Hampden Garden Catches Rainwater Runoff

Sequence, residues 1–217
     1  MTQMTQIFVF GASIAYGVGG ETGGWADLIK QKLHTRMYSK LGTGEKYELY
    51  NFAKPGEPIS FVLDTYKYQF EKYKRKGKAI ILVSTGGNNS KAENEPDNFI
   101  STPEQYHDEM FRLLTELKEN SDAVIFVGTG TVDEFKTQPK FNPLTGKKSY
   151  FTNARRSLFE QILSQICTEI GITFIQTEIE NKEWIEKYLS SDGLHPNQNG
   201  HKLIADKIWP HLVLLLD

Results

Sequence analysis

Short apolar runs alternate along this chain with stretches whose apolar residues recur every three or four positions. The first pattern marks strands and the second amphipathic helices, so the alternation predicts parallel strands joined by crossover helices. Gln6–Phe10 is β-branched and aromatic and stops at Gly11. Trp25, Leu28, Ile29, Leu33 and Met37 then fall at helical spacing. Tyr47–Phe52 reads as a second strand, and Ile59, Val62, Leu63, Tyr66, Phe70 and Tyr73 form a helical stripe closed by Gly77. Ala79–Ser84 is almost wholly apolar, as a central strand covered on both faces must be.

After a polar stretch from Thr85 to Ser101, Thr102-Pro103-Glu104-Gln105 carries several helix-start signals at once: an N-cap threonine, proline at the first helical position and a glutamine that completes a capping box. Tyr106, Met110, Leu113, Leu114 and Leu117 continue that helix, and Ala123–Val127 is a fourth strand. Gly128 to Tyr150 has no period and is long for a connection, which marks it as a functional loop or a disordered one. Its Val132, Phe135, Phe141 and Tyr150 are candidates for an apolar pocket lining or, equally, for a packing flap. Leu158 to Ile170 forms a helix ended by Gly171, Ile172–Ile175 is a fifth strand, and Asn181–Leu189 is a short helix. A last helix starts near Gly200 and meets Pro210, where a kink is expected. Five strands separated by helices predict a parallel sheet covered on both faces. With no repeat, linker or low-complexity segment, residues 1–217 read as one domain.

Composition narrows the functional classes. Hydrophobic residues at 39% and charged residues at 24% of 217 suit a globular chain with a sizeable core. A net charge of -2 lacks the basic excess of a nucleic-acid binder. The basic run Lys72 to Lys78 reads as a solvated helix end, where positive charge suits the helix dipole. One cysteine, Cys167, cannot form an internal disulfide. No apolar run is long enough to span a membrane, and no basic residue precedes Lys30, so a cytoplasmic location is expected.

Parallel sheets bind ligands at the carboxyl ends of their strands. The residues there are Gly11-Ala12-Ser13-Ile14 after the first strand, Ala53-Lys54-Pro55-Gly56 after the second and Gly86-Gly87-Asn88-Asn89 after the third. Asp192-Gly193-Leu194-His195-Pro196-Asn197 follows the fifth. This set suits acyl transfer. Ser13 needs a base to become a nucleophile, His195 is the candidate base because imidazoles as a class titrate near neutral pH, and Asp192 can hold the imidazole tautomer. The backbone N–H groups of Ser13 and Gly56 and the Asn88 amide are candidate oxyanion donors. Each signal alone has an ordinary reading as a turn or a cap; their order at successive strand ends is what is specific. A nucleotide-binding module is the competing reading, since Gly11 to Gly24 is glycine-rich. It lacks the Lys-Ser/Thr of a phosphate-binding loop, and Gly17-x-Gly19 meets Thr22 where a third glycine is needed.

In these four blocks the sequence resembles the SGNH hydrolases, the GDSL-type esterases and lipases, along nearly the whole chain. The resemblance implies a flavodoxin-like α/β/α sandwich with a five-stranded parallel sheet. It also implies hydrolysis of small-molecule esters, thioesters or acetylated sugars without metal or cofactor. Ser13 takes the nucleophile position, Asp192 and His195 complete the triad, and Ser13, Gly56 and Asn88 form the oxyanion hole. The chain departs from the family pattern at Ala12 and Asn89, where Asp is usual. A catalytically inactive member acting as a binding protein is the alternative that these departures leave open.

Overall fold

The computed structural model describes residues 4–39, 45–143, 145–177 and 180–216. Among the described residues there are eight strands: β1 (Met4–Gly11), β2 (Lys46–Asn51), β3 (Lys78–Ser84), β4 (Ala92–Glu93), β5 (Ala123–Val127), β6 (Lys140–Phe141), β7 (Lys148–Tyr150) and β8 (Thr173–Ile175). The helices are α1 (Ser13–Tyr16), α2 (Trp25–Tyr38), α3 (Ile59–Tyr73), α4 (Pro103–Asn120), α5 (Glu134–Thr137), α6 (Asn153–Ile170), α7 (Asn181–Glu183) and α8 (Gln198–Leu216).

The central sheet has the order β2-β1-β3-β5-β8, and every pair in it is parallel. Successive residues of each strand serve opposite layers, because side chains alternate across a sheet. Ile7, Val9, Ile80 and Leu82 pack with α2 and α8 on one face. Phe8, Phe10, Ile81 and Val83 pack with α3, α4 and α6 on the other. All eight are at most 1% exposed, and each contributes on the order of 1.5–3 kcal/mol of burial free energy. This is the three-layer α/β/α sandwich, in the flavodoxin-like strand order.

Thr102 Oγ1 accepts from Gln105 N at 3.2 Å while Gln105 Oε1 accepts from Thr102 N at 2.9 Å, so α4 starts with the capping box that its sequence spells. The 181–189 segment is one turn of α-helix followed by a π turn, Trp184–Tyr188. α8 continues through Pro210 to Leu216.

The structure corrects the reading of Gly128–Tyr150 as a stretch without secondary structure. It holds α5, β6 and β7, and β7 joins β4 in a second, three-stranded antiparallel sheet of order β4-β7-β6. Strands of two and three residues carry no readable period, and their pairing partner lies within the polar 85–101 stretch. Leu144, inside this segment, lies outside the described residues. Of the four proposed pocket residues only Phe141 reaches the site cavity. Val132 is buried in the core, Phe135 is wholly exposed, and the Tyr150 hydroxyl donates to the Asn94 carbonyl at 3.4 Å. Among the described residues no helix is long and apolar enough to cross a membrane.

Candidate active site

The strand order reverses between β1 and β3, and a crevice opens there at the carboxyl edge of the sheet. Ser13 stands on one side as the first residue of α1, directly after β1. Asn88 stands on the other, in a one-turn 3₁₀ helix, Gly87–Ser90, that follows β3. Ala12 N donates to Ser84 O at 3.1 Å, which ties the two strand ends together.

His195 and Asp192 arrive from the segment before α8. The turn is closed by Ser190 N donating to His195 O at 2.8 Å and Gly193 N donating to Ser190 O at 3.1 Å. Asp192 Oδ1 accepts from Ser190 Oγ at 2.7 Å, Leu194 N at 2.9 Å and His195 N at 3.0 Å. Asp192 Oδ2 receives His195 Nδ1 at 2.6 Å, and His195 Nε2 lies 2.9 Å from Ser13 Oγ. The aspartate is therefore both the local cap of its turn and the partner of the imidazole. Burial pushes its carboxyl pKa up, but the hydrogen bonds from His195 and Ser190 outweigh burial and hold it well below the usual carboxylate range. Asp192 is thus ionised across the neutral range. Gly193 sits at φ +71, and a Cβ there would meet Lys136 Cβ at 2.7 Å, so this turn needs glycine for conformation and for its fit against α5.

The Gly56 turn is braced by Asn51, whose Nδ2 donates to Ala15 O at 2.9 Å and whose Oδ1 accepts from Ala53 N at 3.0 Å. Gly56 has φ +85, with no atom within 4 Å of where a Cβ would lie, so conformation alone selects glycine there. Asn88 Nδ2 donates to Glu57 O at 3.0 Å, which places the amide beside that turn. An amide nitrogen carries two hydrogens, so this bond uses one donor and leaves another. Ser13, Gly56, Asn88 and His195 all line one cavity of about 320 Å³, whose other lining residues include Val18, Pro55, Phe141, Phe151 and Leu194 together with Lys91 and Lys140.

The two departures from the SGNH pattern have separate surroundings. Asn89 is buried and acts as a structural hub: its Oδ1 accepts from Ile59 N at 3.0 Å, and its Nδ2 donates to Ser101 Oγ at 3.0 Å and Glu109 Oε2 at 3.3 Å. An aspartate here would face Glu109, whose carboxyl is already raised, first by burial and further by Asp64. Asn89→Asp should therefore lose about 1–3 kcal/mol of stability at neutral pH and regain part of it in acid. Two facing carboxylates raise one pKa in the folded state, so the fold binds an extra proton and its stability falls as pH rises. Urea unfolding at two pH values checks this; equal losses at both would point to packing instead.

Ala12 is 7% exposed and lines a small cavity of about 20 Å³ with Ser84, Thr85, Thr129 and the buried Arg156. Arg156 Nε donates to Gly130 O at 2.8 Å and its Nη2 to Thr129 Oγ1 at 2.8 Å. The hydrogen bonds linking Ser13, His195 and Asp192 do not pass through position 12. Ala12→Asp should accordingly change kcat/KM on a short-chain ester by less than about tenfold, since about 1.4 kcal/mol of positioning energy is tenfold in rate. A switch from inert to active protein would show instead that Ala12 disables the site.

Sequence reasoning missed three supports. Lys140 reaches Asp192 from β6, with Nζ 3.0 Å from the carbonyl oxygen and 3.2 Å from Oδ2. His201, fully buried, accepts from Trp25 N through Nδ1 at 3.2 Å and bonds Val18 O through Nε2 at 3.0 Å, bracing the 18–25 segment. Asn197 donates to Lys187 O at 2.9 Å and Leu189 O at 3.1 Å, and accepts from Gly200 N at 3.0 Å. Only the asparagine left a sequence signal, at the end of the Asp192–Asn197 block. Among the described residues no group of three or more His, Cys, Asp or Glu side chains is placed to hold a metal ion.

When the University of Maine Cooperative Extension approached officials in Hampden about installing a rain garden outside the town office, folks there jumped at the chance.”We have a lot of nice cooperation,” says Hampden Mayor Matthew Arnett. “We have lots of volunteers working, we have some corporate sponsors that are involved in this as well as support from the stormwater group and the town.”They’ve been planning for years, and Thursday volunteers in Hampden finally started planting.”We’re just putting some mulch on the plants,” says Leah Steltzer, who was volunteering with fellow Girl Scouts.They’re putting in a rain garden that will catch stormwater runoff from the town office parking lot – water that otherwise would run to streams and rivers, carrying particles and pollution with it.”If that soil gets into a lake or stream it makes algae grow. And you can get overgrowths of algae which can disrupt the whole ecosystem there,” says Laura Wilson, assistant scientist with the UMaine Cooperative Extension.Wilson and town officials say though this is a large-scale project, they hope it inspires others to plant smaller rain gardens at home, to stop runoff from roofs and driveways.”There’s not much of an awareness for that kind of thing,” says Bob Osborne, Hampden town planner. “This allows the town to draw attention to this and make people more aware of what it does.”The town set aside five thousand dollars for the project, matched by other groups and supported by lots of in-kind donations.Beyond benefits to the local ecosystem, they’re also looking forward to watching the garden grow through the years.”It adds a nice, attractive piece to the area you see here at the town hall,” says Arnett.”I think people will drive by and think it’s beautiful,” says Osborne.Rain gardens are planted with native plants that interact well with water. Wilson says cost and maintenance are minimal. To find out how to design your own rain garden at home, you can visit: